City workers, residents plead for jobs and services at last publ - Cincinnati News, FOX19-WXIX TV

City workers, residents plead for jobs and services at last public hearing

By Kimberly Holmes – bio | email

CINCINNATI, OH (FOX19)  - Hundreds of residents and city workers turned out to make one last passionate plea to save their jobs and city services at the last public hearing on the budget.

Hamilton County Sheriff Simon Leis weighed in on the issue. He sent a letter with his idea to Mayor Mallory on Wednesday morning. Sheriff Leis wants to merge city police officers with county deputies.

The proposal has many city officers, like Barnabas Blank, seeing red.

For the second year in the row, Blank's holiday plan includes making a back-up plan-- one that could include moving his family out of the city, and out of the state, if he loses his job.

"This is my home," Blank said. "I love my home. Thinking about it just kind of upsets me a little."

Blank spoke at the last public hearing on the budget. Hundreds packed the Clifton Cultural Arts Center for the hearing. And Blank's not alone.  More than 40 people pleaded their cases. Even the Queen City's youngest citizens wanted to put their two cents in on the issue.

"If you guys want to fire the police officers and the firefighters, why do it?" said 10-year-old Jack Fronduti. "If you do, lives could be in danger like someone else said."

Hamilton County Sheriff Leis sent the mayor a letter with his plan on how to help plug the City's $60-million budget gap. He asked the Mayor to merge city officers with county deputies. Under the plan, patrol officers would report to him. All other members of the Cincinnati Police Department would report to the Chief. Both agencies would cut duplicate positions, and Leis said the plan could save the city at least 20-percent per officer. That's because deputies make less money than city police officers so city patrol officers would take a pay cut.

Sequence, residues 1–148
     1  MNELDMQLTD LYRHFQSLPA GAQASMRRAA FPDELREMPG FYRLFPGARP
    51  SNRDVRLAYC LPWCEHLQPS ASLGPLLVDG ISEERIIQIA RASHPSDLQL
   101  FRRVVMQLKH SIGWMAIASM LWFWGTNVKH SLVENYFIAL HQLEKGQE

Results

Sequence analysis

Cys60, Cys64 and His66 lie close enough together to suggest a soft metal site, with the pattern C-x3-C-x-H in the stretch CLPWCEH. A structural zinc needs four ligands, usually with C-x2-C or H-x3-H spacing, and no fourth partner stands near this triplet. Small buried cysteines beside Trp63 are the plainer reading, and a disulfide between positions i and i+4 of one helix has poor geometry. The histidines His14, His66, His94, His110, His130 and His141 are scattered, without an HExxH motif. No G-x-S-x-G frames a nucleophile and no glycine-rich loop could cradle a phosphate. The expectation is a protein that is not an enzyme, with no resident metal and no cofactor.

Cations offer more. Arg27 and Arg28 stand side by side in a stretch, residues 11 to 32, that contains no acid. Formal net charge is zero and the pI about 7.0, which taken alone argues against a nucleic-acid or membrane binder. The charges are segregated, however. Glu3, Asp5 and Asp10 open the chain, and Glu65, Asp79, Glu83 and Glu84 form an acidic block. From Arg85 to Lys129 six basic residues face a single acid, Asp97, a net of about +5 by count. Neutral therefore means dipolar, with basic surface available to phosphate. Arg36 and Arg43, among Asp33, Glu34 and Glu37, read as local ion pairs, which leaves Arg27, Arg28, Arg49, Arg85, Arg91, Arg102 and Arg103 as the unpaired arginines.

Vice-Mayor Roxanne Qualls said she first heard about the idea over the weekend in a meeting with the Sheriff and council members Berding and Bortz.

"Our job is to balance the budget," said Qualls. "Our job is to do it in a way that actually ensures that the citizens of Cincinnati are safe, and one of the ways that we can do that is look very seriously at Sheriff Leis' proposal."

But Mayor Mallory disagrees.

In a letter to the Sheriff, he wrote that the idea is an "insult to the proud tradition of the Cincinnati police department's 207 year history."

Cincinnati Fraternal Order of Police President Kathy Harrell said the plan won't work and it's not legal.

"When the deputies were in Over-the-Rhine several years ago, they didn't have to follow those same standards," Harrell said. "The citizens of Cincinnati, I believe the groups within Cincinnati, would not like to see Simon Leis come in and it would be a very large and legal battle if he attempts to."

The budget has to be balanced by the end of the month, but as a last resort, City Manager Milton Dohoney said Council can go into a continuation mode and operate for three months without a balanced budget.

On top of all of this, the local FOP and firefighters' unions have been asked to reopen their contracts with the city to save 270 jobs. That deadline was Wednesday night at 8 pm. Union leaders told FOX19 they never officially received the motion from the city so they're not taking any action.


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